Patriotism and Nationalism
Questioning the value of patriotism and nationalism (and the differences between the two) is not a new issue, nor one isolated to Scotland. Samuel Johnson declared “Patriotism is the last refuge of the scoundrel” in 1774 and George Orwell famously looked at the effects of nationalism post WWII, when he argued that it lead to people behaving or thinking dishonestly, and showed concern over the effects rising nationalism had in Europe [Ref: Notes on Nationalism]. Education Secretary Michael Gove recently caused controversy by claiming that “Blackadder myths” about WWI “denigrate patriotism” [Ref: Daily Mail], leading to him being accused of “point scoring” and offering a “simplistic” narrative [Ref: Guardian]. During WWI itself, poet Wilfred Owen condemned Roman poet Horace’s lines “Dulce et decorum est pro patria mori” as the “old lie” [Ref: War Poetry]. The question of patriotism is not isolated to the UK even – for example, countries such as the USA often have internal disputes about the effects of patriotism [Ref: New York Times].
Scottish nationalism is not the only nationalism enjoying increasing popularity in Europe today – a recent independence march in Edinburgh was also attended by Catalan nationalists (who are also looking to hold an independence referendum in the near future), and also smaller numbers of Flemish and Venetian nationalists. This need not be viewed as an inward turn, but rather a spirit of integration – for example, wanting to be part of the EU – which, it is hoped, will act as a safeguard against sectarianism [Ref: OneEurope]. This can be compared to other nationalisms currently undergoing a resurgence, such as the Front National in France and UKIP in the UK. Both have much more traditional, isolationist styles of nationalism. UKIP’s popularity is insignificant in Scotland however. Leader Nigel Farage, on a recent visit to Edinburgh, was hounded by protestors who objected to UKIP’s policies [Ref: Independent], and the party’s poor performance in the recent Donside by-election was held up as further proof that UKIP style nationalism was not welcome in Scotland [Ref: Hope Not Hate]. UKIP’s position in Scotland suffered further collapse with the sacking of their Scots leader [Ref: Herald].
Can nationalism be more than narrow? Is Scottish nationalism truly a civic nationalism as has been claimed? Are fears of Anglophobia overblown? Does nationalism in Scotland offer an inclusive and progressive outlook? Or does nationalism inevitably lead to a closing off of minds?
It is crucial for debaters to have read the articles in this section, which provide essential information and arguments for and against the debate motion. Students will be expected to have additional evidence and examples derived from independent research, but they can expect to be criticised if they lack a basic familiarity with the issues raised in the essential reading.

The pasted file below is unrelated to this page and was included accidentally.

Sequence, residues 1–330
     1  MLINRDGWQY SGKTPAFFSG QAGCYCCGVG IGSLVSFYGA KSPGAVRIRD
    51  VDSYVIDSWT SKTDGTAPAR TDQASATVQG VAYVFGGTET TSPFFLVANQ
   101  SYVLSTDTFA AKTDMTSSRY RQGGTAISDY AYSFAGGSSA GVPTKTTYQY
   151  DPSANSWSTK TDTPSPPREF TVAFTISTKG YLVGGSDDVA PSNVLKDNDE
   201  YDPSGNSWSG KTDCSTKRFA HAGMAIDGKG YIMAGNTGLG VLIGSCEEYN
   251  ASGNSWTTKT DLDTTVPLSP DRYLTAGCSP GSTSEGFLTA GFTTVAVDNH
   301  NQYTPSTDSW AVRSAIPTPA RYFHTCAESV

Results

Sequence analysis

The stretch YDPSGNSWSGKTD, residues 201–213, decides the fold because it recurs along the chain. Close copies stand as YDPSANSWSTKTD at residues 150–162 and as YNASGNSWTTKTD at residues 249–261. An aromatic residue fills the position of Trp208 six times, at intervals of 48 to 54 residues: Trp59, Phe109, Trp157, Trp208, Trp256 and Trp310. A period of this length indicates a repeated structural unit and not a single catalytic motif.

Daniel Knowles Telegraph 3 January 2012
Jake Wallis Simons Telegraph 17 April 2013
Magnus Linklater The Times 24 January 2013
Deborah Orr Guardian 21 December 2012
James MacMillan Telegraph 20 December 2012
Alan Riach Herald 20 February 2013
Murray Pittock Scotland on Sunday 10 February 2013
National Collective 5 August 2012
Elaine C Smith Red Pepper October 2008
Definitions of key concepts that are crucial for understanding the topic. Students should be familiar with these terms and the different ways in which they are used and interpreted and should be prepared to explain their significance.
Useful websites and materials that provide a good starting point for research.
Tristram Hunt Guardian 4 January 2014
Hallvard Barbogen One Europe 21 October 2013
Christopher Silver National Collective 24 September 2013
Gerry Hassan openDemocracy 12 August 2013
Simon Cressy Hope Not Hate 22 July 2013
Gerald Warner Daily Mail 17 May 2013
Alan Taylor Herald 24 April 2013
Andrew Denholm Herald 16 April 2013
Magnus Linklater The Times 17 December 2012
STV 21 October 2012
BBC Radio Scotland October 2012
Stewart Kirkpatrick Yes Scotland 22 September 2012
Tom Gallagher thecommentator.com 7 September 2012
Gillian Bowditch Sunday Times 12 August 2012
Garry Gutting New York Times 3 July 2012
Mario Vargas Llosa Herald 9 June 2012
Wings Over Scotland 31 May 2012
British Future 27 April 2012
Willie Bain Guardian 24 January 2012
Phil Mac Giolla Bhain Slugger O'Toole 11 January 2012
Humza Yousaf Better Nation 4 December 2010
Scotsman 9 February 2009
George Orwell Polemic October 1945
Links to organisations, campaign groups and official bodies who are referenced within the Topic Guide or which will be of use in providing additional research information.
IN THE NEWS
Relevant recent news stories from a variety of sources, which ensure students have an up to date awareness of the state of the debate.
Scotland Tonight 8 January 2014
Daily Mail 3 January 2014
Herald 1 December 2013
Herald 17 September 2013
Daily Mail 17 May 2013
Sky News 17 May 2013
Independent 17 May 2013
Scotsman 18 December 2012
Herald 11 December 2012
BBC News 6 February 2009